All of our experts believe that the pedigree is critical for the marketability of the offspring. Indeed, many buyers will look at the papers before assessing the prospect itself. A mare who is bred well, top and bottom, dramatically enhances the marketability of her foals. 

While our experts agree that a strong pedigree will add marketability to a mare’s produce, simply because she is well-bred does not mean she should be bred. If the mare isn’t a quality individual in her own right, her papers don’t matter. 

Produce Record:

Debbi likes to consider the produce record if it is available. However, she finds it can take a long time for mares to develop produce records. Often, mares with reliable produce records are quite a bit older. Debbi puts a lot of effort into selecting mares that will impact her program for several years. Therefore, she tends to assess them based on traits other than their produce record, which is often yet to be established. 

Gary likes to invest a lot of research time into a mare’s female line to see what the mare has produced, or if she is a maiden, what her dam, grand-dam, and sisters have produced. What sort of traits are her foals or her female family’s foals known for? He wants a female family with a reputation for producing trainable, talented, easy-going offspring.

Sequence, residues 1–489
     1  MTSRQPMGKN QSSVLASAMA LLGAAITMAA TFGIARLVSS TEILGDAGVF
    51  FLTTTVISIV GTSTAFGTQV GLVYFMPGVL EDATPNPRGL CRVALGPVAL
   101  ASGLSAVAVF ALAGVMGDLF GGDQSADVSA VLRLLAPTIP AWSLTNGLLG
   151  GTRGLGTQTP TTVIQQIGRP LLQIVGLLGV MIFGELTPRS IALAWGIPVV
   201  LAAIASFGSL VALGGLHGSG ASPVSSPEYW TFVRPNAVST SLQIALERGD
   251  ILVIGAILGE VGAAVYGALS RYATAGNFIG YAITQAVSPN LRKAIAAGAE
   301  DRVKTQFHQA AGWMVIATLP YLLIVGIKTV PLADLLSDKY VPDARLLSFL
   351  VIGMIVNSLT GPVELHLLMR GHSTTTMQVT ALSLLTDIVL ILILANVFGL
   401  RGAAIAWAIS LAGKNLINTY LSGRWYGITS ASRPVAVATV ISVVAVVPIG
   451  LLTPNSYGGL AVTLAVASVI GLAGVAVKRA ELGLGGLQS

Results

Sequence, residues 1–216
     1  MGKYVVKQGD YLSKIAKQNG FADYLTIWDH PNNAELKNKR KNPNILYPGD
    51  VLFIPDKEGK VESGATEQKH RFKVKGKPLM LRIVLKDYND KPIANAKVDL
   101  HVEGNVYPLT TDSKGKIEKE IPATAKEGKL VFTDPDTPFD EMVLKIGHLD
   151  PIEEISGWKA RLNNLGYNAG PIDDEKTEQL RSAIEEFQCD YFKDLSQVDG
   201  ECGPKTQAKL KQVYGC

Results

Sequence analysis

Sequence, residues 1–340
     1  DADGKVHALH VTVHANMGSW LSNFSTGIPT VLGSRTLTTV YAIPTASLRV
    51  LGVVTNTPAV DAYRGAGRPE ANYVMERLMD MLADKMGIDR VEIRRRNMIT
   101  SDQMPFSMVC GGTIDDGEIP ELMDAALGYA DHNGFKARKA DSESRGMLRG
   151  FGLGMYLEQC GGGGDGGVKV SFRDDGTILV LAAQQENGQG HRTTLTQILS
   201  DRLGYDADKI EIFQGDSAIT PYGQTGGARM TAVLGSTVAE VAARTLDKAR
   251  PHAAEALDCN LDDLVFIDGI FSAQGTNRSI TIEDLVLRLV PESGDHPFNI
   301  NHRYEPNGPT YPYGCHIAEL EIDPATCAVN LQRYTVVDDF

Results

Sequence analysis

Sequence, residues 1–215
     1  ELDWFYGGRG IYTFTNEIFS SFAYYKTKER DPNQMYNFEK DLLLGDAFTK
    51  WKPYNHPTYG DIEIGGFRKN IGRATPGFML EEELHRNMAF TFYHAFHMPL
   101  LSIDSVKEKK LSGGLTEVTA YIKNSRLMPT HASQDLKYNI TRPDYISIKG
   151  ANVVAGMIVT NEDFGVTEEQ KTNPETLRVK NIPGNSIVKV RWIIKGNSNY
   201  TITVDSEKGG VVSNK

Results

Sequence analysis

Amy says she puts far more emphasis on a mare’s produce record than she does on her show record to determine her breeding quality, saying, “If she can’t out-produce herself, it doesn’t matter what she did as a show horse.”

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Stay tuned for part 2 of this series as our breeding experts cover more factors to consider when breeding a mare including: movement, temperament, genetic disease, and overall purpose.


About the Author:  Megan Rechberg has been riding horses on and off since sixth grade. She works as a full-time mom to son Jackson and daughter Sterling, part-time litigation attorney, and social media manager for up-and-coming APHA stallions.